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Film review: This is 40

Age certification: 15

Directed by: Judd Apatow

Written by: Judd Apatow

Cast: Paul Rudd, Leslie Mann, Jason Segel, Megan Fox

Genre: Comedy

Rating: ***½

Pete (Paul Rudd) and his wife Debbie (Leslie Mann) are turning 40 and in an attempt to lead happier lifestyles, they go about trying to change themselves. But with Pete’s independent record company struggling, Debbie’s attempt at working on their relationship failing and their two young daughters dealing with their own modern day ‘kid issues,’ it’s far from a smooth process.

Going into a movie with low expectations and then walking out with a smile is always a pleasant experience. Geek comedy genius, Judd Apatow’s (Knocked Up, Funny People) latest film, This is 40 had the potential to go very wrong. Its tagline declares it to be a ‘sort of sequel’ to Knocked Up and it’s no secret that sequels are either brilliant or horrific. Thankfully, This is 40 is a fine example of something brilliant. So many comedies these days can be considered to have a ‘stupid’ humour, but Apatow is a fine director and more importantly, he is a great writer. The film is in a league of its own; full of witty and consistent gags, whilst simultaneously being warm and sincere, focusing on the importance of relationships and family within society.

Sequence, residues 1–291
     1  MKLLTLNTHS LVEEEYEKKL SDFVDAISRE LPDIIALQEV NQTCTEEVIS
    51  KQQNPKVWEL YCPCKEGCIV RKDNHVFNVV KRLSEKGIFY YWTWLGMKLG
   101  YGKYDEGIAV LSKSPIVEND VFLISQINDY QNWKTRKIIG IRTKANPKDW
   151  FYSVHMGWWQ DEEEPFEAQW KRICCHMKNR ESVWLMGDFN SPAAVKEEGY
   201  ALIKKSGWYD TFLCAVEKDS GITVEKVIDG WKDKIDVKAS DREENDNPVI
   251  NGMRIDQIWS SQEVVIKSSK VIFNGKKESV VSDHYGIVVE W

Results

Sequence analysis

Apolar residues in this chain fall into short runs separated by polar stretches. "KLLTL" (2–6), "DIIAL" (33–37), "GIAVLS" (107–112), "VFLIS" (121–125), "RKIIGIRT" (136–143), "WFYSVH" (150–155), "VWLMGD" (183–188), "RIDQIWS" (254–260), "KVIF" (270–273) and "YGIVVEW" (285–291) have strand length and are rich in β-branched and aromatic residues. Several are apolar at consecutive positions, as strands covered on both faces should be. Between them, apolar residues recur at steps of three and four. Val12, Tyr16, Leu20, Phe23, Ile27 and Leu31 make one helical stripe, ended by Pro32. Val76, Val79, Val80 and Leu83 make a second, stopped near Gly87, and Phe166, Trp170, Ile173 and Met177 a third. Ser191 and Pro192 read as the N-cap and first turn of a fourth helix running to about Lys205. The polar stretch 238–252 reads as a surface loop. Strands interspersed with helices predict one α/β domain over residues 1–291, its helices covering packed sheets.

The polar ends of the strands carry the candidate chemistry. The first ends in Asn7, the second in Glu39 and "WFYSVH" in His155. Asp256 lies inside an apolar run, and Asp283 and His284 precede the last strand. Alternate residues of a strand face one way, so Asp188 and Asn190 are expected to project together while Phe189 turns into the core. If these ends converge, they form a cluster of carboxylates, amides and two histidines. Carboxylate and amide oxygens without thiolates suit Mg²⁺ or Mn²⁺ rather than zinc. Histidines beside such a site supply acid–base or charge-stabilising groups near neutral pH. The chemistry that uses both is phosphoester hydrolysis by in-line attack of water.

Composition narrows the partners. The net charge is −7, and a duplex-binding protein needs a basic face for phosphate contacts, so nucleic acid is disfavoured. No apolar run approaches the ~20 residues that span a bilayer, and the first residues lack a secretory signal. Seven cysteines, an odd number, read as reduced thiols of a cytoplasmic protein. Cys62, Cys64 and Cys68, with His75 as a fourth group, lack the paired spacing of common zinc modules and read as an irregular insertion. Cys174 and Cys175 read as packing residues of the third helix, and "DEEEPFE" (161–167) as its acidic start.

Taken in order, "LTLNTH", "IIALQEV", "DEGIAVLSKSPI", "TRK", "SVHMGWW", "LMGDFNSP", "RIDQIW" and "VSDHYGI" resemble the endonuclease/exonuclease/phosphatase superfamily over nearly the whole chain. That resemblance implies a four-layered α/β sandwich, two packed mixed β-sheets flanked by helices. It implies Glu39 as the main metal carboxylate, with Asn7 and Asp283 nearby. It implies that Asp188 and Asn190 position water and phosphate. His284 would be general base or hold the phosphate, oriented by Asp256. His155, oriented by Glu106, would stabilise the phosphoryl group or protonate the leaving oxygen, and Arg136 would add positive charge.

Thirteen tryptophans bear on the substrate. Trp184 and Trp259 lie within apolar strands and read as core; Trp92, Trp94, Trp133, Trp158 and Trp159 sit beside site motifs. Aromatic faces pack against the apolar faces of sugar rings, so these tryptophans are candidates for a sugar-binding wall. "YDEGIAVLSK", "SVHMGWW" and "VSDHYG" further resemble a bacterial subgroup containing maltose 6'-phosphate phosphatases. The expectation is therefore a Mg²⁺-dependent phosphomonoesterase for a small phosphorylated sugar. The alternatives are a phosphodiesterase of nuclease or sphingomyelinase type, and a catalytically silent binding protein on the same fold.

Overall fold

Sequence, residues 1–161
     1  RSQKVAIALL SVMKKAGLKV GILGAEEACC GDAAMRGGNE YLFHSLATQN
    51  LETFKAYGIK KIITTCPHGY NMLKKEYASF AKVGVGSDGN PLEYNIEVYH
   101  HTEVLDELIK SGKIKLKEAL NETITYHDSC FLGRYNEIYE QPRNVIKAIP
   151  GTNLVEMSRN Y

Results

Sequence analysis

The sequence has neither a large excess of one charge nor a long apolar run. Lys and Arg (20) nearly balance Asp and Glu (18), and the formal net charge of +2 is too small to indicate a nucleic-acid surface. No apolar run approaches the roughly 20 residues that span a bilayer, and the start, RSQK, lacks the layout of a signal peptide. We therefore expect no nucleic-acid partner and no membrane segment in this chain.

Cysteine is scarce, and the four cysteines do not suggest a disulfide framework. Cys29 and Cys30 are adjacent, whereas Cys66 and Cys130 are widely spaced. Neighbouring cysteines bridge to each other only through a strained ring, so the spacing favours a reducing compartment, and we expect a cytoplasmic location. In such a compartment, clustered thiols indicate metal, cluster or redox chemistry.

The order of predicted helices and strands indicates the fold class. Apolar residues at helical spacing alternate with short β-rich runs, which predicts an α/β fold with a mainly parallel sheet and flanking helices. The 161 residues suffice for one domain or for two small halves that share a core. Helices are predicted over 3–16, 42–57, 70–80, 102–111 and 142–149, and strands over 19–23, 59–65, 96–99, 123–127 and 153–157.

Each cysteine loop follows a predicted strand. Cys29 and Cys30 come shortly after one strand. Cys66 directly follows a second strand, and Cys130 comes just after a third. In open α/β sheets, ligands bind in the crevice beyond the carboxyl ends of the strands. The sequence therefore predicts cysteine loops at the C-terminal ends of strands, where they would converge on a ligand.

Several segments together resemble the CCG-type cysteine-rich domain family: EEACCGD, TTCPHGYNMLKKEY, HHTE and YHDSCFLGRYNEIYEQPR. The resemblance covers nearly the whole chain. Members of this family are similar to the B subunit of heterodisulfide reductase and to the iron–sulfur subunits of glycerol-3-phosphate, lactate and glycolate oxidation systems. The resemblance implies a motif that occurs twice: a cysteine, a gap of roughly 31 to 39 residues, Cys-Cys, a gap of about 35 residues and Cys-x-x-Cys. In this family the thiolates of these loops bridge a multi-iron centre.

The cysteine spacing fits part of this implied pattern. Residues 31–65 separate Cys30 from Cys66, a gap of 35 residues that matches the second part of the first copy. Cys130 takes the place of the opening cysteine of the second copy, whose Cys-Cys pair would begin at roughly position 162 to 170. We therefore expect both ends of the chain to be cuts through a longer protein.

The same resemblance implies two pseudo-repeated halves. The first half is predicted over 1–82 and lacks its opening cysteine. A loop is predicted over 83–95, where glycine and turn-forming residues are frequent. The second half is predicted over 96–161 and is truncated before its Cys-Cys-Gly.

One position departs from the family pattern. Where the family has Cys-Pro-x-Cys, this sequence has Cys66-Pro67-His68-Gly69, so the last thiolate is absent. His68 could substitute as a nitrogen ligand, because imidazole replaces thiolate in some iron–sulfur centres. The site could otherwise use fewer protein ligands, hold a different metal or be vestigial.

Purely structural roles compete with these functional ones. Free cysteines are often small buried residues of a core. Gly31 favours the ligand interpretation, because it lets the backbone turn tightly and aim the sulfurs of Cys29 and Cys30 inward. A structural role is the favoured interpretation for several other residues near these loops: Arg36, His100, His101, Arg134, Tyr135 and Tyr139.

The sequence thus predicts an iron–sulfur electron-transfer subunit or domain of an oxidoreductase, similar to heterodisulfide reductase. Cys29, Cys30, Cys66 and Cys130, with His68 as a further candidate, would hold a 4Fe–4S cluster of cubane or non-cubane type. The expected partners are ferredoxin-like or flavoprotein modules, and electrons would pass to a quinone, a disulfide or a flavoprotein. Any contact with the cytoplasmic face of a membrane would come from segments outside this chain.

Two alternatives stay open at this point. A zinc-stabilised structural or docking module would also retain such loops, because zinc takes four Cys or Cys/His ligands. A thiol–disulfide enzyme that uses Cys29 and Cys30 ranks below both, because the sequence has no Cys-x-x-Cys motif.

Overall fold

Although at times unrealistic, (do parents really argue with and threaten thirteen year old ‘facebook bullies’? And does taking an expensive trip to a fancy holiday resort and doing things which parents probably shouldn’t be when financially struggling really seem likely?) The situations the characters find themselves in make for great and enjoyable scenes and Paul Rudd and Leslie Mann give fantastic performances as Pete and Debbie. Similarly, supporting actors (Jason Segel and Megan Fox) are equally as hilarious and Apatow’s use of his wife and both of his daughters gives the film a nice and endearing touch.

Predictably, everything works out and we’re given a happy ending, but it by no means takes anything away from the two hours of an energetic mix of drama and comedy. It is lengthy for your average comedy, but one that will most definitely please, even up until the final scene, after the end credits!

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